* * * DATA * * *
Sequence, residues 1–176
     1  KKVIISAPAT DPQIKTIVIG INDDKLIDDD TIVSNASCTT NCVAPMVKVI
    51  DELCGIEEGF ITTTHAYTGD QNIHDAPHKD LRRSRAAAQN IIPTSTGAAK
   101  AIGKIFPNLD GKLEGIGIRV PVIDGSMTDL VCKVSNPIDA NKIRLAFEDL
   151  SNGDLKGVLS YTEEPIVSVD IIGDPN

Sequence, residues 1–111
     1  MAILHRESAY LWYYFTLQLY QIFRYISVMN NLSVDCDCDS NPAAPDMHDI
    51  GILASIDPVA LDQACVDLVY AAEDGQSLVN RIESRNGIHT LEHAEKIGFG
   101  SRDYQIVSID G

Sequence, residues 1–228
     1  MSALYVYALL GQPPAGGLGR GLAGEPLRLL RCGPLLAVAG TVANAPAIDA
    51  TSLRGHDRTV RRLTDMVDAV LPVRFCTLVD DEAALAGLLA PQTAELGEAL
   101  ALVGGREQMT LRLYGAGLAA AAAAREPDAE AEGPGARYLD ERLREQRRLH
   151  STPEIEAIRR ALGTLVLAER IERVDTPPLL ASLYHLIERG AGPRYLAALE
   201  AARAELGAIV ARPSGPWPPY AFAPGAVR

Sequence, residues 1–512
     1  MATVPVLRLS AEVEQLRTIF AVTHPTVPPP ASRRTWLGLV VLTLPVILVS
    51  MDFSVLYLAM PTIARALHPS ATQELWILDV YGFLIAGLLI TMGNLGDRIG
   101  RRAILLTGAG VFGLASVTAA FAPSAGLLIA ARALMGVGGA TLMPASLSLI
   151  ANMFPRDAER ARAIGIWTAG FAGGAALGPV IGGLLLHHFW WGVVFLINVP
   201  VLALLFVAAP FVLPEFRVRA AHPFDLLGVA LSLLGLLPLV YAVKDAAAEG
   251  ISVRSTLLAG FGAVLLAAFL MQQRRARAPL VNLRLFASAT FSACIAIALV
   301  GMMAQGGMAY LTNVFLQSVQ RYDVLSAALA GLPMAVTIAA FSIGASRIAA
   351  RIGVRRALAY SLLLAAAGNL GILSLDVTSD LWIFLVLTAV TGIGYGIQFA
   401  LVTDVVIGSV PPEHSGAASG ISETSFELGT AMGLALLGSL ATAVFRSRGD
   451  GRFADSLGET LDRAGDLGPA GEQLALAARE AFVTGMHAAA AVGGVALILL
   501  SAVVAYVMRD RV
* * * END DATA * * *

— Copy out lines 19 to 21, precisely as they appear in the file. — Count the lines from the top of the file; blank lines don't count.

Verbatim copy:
   101  RRAILLTGAG VFGLASVTAA FAPSAGLLIA ARALMGVGGA TLMPASLSLI
   151  ANMFPRDAER ARAIGIWTAG FAGGAALGPV IGGLLLHHFW WGVVFLINVP
   201  VLALLFVAAP FVLPEFRVRA AHPFDLLGVA LSLLGLLPLV YAVKDAAAEG